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Title: Development of improved analysis of radionuclide images of aerosol deposition
Author: Montesantos, Spyridon
ISNI:       0000 0001 3415 206X
Awarding Body: University of Southampton
Current Institution: University of Southampton
Date of Award: 2008
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Over the last few years, there has been an increase in the clinical methods targeting the human tracheobronchial tree, both for therapeutic and diagnostic purposes. For these methods to be effective, a good understanding of the lung structure is necessary. This knowledge can be attained through the use of medical imaging protocols such as CT and MRI, and can in turn be used to predict aerosol deposition for particles employed for inhalation therapy via the simultaneous use of radionuclide imaging. However, due to limitations imposed by the technologies currently available, not enough information can be gathered in-vivo about the respiratory tract. Consequently, widespread use of anatomical models of the lung is being made by clinicians in order to enable them to fill this gap in information. The thesis is concerned with the improvement of such models and the introduction of new, more advanced ones in an effort to accurately describe the human lung using mathematical and physical principles. A method is developed for improving the Conceptual Model constructed in the Nuclear Medicine Department of Southampton General Hospital by incorporating to it real, patient-specific data obtained through CT imaging. A model of the bronchopulmonary segments of the lung is also created and an atlas that can be used for the identification of these sub-structures in any lung space is formed. An algorithm for the generation of a fully-descriptive 3D model of the airway tree is then designed and implemented, the morphometry of which is assessed to confirm that it is a realistic representation of the target organ. The deterministic algorithm reveals the 3D geometry and orientation of the lung airways, thus enabling aerosol deposition and flow-pattern studies to be performed in a comprehensive way in previously inaccessible regions of the lung.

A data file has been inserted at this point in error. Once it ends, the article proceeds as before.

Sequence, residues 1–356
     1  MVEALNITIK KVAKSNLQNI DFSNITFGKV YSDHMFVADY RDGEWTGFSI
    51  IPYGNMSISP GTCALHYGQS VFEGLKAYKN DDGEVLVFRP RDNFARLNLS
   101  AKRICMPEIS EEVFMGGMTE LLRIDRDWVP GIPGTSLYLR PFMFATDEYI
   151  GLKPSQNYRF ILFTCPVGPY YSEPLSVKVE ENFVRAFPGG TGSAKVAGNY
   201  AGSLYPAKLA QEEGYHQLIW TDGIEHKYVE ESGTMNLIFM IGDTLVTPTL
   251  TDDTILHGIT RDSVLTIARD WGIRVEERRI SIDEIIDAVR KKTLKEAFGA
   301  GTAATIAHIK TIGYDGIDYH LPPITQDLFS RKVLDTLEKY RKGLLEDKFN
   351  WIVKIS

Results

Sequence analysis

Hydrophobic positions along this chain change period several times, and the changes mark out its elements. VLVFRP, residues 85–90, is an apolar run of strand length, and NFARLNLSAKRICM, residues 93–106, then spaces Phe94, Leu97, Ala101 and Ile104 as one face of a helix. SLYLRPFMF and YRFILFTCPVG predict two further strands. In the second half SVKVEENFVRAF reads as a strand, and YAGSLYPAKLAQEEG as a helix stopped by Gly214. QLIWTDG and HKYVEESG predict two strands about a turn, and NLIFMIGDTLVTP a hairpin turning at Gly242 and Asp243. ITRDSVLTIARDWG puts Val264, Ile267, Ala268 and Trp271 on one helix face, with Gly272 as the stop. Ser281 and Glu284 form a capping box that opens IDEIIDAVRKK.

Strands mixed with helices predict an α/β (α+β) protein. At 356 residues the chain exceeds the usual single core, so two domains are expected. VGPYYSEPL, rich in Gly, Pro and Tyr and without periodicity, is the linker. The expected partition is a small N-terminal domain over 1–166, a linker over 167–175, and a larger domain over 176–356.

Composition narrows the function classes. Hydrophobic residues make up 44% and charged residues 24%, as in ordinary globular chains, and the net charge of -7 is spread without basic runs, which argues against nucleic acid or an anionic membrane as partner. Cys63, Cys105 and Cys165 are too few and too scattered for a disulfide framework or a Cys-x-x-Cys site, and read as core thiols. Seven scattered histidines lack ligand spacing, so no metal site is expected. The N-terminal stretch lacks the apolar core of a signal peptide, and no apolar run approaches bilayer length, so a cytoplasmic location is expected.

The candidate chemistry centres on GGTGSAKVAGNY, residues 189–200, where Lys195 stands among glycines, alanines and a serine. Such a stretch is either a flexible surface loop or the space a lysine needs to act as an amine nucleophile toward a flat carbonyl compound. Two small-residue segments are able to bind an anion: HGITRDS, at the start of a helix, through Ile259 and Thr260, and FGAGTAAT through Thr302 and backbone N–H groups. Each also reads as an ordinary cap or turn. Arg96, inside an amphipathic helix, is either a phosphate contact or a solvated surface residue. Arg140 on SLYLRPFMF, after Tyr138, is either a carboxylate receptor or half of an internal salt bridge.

Supervisor: Fleming, John S. ; Bolt, Livia Sponsor: Not available
Qualification Name: Thesis (Ph.D.) Qualification Level: Doctoral
EThOS ID:  DOI: Not available
Keywords: RB Pathology ; QM Human anatomy